Wilder has stated that he’s open to sparring with any heavyweight preparing to fight one of the Klitschko brothers, so with Fury in training with Manny Steward and Wlad now, it seems a perfect rivalry is ripe for the plucking. Prospective heavyweights  need to man up to the mark before the day finally comes when nobody shows up to watch OR to fight anymore.

Git 'er done, Boys!

Git 'er done, Boys!

Don’t mess with Mars, fellows, just git ‘er done as Larry the Cable Guy is want to remind us so he can git on back to work installing all the new cable orders a fight of this magnitude would generate.

Had some great sport mixing and matching you two and hope to see you in action soon.

The Tyson Fury Show At Crossroads

The Tyson Fury Show has been a hit with the British public ever since his debut some 2 yrs ago. It’s the kind of reality TV career that sees him as the larger than life hero to reclaim British vigor in the Big Man division, but that also reveals him to be something of the panto villain with his braggadocio styled off the cuff challenges to big name British Heavies and silly Twitter feuds with Andre Dirrell.

These and other “transgressions” outrage his critics into a froth that whet their desire to see the 22 yr old Fury stretched for the count.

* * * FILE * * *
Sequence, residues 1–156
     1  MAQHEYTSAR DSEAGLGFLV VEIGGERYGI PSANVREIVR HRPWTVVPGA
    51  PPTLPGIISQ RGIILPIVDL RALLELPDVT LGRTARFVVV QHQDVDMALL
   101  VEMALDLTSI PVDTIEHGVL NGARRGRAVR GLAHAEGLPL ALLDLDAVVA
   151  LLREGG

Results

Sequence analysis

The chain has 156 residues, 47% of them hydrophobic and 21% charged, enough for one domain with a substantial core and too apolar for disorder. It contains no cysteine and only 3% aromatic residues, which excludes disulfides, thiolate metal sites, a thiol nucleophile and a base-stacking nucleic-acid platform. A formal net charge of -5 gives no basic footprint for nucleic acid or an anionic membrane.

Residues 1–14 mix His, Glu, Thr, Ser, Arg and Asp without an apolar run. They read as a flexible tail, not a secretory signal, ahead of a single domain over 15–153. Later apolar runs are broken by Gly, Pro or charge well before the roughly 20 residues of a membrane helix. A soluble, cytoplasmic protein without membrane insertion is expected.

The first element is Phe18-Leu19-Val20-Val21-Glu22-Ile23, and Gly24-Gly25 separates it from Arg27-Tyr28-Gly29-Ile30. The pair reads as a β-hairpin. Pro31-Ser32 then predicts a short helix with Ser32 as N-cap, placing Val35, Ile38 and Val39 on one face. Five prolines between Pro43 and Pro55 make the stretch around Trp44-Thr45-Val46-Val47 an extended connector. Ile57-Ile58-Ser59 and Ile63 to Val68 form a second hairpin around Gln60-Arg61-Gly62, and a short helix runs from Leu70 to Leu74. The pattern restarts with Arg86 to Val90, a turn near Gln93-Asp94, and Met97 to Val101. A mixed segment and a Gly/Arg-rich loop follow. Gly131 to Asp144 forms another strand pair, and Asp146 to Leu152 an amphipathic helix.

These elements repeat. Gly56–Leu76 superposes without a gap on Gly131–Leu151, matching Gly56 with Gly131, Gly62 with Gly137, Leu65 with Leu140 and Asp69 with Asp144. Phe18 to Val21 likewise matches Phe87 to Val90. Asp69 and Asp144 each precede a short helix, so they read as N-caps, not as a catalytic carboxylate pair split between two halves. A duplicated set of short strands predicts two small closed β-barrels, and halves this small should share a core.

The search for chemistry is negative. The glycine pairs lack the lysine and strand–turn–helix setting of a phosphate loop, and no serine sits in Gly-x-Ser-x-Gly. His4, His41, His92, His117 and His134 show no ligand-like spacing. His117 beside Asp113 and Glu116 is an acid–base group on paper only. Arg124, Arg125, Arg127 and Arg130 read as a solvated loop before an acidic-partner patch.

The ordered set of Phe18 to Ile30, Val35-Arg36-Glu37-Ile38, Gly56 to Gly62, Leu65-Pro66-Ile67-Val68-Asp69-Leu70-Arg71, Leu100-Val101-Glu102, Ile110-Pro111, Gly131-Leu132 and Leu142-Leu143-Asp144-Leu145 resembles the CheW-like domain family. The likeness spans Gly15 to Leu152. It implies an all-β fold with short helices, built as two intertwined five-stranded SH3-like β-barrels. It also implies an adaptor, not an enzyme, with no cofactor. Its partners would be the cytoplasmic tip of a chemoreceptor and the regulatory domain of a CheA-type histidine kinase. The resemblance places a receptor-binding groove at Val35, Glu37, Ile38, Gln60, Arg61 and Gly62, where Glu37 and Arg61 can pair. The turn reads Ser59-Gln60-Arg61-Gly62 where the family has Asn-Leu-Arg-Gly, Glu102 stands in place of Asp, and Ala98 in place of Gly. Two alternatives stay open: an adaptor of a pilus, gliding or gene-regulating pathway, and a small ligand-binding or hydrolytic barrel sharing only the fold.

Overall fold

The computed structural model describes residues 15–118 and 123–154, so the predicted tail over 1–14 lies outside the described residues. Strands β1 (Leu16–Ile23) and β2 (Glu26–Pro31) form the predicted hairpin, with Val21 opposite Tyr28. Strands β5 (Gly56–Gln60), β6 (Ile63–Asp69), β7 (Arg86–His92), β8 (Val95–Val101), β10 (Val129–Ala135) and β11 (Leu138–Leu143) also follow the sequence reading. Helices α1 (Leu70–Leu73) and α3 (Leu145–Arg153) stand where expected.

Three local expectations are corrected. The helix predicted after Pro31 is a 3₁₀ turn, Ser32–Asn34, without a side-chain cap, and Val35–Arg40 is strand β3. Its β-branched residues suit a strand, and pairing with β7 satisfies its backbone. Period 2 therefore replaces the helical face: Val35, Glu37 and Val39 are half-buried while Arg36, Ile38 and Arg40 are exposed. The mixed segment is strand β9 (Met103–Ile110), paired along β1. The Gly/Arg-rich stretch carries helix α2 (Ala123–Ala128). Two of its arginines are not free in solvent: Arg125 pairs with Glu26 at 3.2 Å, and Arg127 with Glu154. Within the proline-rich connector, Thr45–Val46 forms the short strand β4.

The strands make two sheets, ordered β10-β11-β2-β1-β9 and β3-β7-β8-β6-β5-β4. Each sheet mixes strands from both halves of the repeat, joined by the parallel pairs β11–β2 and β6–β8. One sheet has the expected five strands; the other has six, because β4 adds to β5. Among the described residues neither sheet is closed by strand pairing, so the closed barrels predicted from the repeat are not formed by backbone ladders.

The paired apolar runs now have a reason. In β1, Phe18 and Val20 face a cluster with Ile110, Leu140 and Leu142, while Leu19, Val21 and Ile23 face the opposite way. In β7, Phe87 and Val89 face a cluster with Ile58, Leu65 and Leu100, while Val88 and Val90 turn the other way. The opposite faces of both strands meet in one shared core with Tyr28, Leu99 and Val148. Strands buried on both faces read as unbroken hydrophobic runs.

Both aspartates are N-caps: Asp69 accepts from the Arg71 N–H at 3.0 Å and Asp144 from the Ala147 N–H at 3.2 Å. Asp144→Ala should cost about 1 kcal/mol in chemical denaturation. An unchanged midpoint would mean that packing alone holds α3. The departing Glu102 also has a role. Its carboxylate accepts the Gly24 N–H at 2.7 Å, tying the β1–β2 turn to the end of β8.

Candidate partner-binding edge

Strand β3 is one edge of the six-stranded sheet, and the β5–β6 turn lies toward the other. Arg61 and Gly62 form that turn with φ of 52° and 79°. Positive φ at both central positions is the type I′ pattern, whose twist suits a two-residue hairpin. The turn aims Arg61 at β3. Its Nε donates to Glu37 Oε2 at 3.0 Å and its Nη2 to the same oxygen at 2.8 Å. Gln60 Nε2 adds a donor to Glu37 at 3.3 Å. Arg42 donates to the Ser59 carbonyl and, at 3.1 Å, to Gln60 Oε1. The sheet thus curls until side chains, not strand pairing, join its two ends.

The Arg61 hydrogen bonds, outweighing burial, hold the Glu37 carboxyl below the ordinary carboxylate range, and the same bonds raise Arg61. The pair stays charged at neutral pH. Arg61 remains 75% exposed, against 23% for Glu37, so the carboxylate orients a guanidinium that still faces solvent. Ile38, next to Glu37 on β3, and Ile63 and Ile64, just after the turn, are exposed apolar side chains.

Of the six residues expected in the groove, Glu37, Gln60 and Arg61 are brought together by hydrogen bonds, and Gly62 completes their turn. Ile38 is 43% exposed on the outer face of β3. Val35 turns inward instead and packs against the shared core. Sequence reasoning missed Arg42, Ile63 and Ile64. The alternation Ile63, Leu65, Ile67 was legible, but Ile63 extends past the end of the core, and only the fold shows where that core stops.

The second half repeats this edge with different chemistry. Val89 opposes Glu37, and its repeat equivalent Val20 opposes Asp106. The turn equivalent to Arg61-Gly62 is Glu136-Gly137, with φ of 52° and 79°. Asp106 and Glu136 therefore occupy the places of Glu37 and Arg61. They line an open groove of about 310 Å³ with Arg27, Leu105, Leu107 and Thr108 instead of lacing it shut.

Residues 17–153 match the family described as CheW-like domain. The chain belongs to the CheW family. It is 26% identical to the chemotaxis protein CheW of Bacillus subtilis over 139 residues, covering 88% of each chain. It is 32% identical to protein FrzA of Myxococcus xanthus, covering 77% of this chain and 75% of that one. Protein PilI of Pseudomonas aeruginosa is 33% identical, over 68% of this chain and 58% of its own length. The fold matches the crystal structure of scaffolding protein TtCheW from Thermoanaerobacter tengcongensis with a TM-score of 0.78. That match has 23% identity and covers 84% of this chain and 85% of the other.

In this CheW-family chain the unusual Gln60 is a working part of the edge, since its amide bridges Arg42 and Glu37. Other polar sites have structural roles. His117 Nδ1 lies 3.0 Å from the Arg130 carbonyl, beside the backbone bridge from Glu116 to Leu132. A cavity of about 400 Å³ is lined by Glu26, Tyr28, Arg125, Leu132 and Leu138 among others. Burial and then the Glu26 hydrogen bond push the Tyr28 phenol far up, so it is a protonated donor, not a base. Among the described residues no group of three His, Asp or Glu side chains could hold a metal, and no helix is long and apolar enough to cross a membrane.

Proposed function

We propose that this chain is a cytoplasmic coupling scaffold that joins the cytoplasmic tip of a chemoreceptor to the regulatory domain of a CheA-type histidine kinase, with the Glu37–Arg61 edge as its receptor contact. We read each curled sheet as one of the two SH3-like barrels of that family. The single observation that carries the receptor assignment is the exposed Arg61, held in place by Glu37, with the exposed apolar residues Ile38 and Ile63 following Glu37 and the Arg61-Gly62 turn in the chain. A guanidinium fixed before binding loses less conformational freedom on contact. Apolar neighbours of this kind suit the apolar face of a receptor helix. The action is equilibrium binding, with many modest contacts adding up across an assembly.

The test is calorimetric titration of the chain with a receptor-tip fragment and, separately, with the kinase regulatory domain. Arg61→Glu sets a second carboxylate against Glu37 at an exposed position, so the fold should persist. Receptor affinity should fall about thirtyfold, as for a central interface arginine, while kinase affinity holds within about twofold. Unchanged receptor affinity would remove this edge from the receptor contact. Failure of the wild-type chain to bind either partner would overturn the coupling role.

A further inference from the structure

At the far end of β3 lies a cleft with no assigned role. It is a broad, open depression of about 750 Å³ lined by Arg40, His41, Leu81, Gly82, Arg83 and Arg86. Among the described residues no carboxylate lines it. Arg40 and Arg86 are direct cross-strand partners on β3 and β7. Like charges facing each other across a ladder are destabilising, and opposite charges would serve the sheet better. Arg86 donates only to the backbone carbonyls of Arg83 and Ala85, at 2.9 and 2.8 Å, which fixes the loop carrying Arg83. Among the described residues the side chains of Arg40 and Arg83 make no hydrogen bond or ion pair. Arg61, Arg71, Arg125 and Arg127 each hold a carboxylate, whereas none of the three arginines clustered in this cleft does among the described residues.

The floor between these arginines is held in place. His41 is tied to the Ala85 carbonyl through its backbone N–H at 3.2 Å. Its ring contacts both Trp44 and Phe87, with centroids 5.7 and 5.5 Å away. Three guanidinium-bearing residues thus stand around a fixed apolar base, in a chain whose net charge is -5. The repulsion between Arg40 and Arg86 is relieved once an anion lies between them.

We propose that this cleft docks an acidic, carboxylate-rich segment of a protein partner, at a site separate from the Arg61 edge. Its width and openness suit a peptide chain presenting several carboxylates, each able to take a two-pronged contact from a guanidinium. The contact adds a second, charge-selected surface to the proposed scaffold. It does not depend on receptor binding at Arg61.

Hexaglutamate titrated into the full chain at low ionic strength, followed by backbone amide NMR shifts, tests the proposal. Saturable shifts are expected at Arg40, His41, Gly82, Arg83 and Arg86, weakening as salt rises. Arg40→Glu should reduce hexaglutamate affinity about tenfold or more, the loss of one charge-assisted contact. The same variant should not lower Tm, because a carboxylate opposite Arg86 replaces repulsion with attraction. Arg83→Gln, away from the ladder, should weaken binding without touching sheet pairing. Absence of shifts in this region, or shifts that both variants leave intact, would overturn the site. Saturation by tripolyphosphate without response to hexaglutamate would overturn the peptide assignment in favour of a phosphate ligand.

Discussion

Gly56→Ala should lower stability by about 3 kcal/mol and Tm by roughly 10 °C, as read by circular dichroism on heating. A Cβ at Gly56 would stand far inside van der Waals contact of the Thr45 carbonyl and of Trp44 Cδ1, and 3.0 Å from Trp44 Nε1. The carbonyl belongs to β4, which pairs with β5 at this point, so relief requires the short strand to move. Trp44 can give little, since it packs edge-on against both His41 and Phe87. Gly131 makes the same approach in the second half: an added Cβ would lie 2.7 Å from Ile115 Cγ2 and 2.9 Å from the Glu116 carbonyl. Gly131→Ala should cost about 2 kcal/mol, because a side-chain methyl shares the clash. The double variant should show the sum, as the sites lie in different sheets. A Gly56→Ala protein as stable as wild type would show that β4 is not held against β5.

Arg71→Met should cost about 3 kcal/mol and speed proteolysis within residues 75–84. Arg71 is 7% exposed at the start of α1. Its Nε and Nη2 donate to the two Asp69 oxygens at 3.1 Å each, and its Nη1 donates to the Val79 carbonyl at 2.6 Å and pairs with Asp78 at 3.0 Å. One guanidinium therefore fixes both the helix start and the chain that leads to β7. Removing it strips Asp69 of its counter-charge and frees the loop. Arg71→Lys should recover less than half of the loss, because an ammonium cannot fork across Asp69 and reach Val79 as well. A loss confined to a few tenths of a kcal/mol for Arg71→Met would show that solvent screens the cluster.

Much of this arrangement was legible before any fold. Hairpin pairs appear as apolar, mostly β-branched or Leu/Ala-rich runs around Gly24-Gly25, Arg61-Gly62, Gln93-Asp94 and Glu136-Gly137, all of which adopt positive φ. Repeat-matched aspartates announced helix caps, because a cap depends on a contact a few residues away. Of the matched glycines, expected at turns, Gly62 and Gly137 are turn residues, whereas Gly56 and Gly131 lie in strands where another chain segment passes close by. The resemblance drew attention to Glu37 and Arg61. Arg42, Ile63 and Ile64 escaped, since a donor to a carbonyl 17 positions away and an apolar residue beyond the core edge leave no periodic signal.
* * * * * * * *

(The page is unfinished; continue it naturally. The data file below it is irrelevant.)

Tyson Fury

Tyson Fury

In spite of a smooth, impressive start, his career has started to spit and sputter as the 22yr old oversized manchild struggles to grow into his faster growing fame while negotiating  murky boxing politics that have killed untold numbers of talented hungry boxers long before he  was ever born. His notoriety has risen to the point where potential opponents expect to be paid well to fight him, and perhaps his team is not up to the tricky task of  negotiating fights at this level.

I note these observations on the eve of his attempt to claw his way onto the February 19th card at Wembley Stadium after his initial attempt to fight former WBO champ Frans Botha were shot down by the British Boxing Board of Control. More attempts with more prospective opponents followed, all to fall out for varied reasons, but now the breaking news is that a 30 yr old 6’5 Brazilian knockout specialist, Marcelo Luiz Nascimento, 13-0, 11 KO, only needs to pass the medical to be approved.

Marcelo Luiz Nascimento is precisely the ammunition Fury’s furious critics need to further ravage Fury’s career due to Nascimento being unknown outside of Brazil and probably not that well known within Brazil. With only 27 rounds in the bank against mostly novice fighters, it’s fair to say he is probably on level to Rich “Super” Power whom Fury battered about the ring last year in his American debut.